enlightenment postmodernism
rationalism multiplicity
systematic knowledge local and concrete
paternalism fraternalism (w/o the gender bias)
authoritarianism equality
meta-narratives rejection of meta-narratives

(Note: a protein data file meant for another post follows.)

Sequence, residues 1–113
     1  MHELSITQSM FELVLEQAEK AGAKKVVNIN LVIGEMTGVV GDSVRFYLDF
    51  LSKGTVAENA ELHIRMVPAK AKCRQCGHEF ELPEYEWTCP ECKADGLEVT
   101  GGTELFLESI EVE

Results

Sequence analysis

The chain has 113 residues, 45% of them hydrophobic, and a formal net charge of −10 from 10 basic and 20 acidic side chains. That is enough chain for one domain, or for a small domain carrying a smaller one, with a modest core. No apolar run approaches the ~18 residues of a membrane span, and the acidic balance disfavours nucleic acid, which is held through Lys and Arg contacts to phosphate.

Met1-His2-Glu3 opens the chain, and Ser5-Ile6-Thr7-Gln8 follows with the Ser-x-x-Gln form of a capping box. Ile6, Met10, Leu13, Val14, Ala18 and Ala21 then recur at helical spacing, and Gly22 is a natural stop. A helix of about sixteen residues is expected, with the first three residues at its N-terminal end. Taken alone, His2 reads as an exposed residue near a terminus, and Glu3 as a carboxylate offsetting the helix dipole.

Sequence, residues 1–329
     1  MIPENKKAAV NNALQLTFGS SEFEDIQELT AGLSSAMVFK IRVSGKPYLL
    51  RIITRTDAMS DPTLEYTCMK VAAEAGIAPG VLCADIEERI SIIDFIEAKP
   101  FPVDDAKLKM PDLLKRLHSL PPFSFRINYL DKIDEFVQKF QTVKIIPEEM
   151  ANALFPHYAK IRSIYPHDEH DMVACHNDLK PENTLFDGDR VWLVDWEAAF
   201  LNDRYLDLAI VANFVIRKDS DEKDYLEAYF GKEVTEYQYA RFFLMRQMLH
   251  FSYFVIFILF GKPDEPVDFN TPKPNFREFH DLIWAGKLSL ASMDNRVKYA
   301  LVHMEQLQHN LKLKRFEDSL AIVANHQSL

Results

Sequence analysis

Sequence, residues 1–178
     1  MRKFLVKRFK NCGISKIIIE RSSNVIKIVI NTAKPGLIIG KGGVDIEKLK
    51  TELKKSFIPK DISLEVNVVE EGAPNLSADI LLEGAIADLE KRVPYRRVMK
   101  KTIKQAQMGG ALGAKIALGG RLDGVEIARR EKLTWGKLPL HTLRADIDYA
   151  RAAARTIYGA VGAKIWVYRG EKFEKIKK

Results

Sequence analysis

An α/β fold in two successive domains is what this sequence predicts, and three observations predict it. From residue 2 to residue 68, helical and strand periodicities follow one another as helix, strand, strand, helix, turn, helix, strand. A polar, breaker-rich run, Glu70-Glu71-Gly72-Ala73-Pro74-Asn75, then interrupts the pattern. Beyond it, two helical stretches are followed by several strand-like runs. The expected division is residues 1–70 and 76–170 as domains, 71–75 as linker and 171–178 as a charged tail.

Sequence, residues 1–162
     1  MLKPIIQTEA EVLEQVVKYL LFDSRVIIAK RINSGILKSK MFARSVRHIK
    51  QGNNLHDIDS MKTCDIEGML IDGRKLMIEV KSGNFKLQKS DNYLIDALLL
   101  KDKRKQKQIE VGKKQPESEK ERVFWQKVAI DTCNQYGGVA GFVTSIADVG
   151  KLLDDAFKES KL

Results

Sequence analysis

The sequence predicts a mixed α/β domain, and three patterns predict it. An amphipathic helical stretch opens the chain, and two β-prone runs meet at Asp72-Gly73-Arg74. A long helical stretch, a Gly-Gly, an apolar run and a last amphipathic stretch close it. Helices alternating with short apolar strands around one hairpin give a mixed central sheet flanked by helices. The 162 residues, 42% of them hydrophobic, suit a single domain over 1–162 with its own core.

Yeah, db was a feminist, and so was I, and not because she was. I was one first, feeling that it was the right thing to do in the face of a macho world that I was as uncomfortable in as any typical feminist of the time. And she became one via my example, and through the liberal college education she received. And now she is a more traditional wife and mother and I am left back here with my feminist residue trying to investigate my way back into relevance. It's a science fiction story. I don't know the first thing about the future, nor about the "science" of sociology, even now back in my past. No one, I suspect, will ever have any idea of what I'm really writing about because the code is in the future, and we are stuck here forever in my past.